Like all parts of our body, the brain ages. Even if you are healthy, important regions of your brain, including gray matter, shrink during adulthood—and we may lose up to 20% of brain volume over a lifespan (see figure below). Since gray matter is involved in learning and memory, motor control, balance, and coordination, you can expect some changes involved with normal aging. For example, occasionally forgetting where your keys are or having trouble finding a particular word—this is considered a normal part of healthy aging, and it happens to roughly 40% of people after age 65.
In addition to occasional forgetfulness, there's something called mild cognitive impairment (MCI). If you haven’t heard of MCI, you’re not alone: 82% of Americans are unfamiliar with it, and at least a third of primary care practitioners aren’t comfortable identifying it. With MCI, the person loses things more often, forgets to go to important events or appointments, and has more difficulty coming up with words. Friends and family members are usually the first to notice these changes. The frequency with which an individual struggles with memory or cognition is what distinguishes this condition from occasional forgetfulness. MCI manifests as more noticeable changes in memory or thinking while not affecting the individual’s ability to perform their day-to-day activities.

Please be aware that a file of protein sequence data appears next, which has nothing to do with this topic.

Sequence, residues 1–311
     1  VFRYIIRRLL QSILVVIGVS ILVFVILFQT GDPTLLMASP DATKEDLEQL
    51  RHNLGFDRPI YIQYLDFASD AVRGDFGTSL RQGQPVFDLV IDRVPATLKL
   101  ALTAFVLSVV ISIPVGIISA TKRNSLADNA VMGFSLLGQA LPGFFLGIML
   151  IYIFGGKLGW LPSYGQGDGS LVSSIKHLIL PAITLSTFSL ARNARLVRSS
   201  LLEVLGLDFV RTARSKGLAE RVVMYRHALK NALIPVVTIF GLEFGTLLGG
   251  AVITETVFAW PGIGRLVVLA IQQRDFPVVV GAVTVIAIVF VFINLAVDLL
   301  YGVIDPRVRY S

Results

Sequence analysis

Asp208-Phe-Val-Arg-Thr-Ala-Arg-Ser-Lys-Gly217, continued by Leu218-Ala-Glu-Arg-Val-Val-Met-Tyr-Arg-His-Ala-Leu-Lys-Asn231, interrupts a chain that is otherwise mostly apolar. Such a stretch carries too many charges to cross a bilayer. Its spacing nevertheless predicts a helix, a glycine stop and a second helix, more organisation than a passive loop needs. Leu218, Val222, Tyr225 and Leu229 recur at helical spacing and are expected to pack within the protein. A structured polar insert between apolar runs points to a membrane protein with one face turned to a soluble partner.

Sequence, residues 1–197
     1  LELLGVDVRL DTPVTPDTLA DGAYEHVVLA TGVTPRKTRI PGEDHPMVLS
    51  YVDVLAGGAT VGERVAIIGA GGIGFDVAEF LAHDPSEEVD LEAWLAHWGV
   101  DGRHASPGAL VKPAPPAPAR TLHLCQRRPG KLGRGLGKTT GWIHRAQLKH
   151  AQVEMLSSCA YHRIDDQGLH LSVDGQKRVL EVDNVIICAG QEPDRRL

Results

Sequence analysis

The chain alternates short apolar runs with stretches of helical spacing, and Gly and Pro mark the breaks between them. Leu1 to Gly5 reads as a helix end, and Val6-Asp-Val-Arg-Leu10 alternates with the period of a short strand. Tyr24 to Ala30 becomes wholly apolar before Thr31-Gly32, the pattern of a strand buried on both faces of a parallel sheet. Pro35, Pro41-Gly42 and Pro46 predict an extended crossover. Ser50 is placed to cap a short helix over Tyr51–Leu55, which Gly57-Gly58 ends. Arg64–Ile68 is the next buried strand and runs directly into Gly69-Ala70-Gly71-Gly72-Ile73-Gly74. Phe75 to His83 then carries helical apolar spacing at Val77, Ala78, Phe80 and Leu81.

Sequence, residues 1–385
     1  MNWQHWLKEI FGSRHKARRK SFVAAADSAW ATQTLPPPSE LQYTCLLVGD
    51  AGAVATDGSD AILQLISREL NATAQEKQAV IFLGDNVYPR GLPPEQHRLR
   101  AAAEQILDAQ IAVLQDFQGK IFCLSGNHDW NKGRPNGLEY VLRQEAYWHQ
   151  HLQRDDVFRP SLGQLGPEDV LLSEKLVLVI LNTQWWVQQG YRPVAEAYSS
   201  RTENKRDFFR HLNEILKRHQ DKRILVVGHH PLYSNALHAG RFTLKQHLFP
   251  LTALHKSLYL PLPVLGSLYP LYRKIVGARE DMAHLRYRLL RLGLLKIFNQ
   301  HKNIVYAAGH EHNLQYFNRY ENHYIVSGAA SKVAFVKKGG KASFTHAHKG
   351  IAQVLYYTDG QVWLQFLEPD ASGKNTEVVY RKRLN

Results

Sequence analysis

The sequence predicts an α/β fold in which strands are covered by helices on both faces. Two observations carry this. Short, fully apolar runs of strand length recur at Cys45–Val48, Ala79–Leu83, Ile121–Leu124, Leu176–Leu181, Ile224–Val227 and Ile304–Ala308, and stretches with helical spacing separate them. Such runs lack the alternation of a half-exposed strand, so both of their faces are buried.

Mild Cognitive Impairment
Sometimes forgetting which words to use
Losing things from time to time
Missing a monthly payment occasionally
Difficulty coming up with words
Losing things often
Forgetting to go to important events
This is not a complete list of all symptoms associated with these conditions.
Factors like genetics and certain health conditions, including sleep disorders and depression, can contribute to MCI. Some people with this condition return to normal cognition or just don’t decline further.
Of course, any memory concern, even if it’s mild, is a prompt to check in with your doctor. There are also steps you can take at home.
Can you assess how your brain is aging?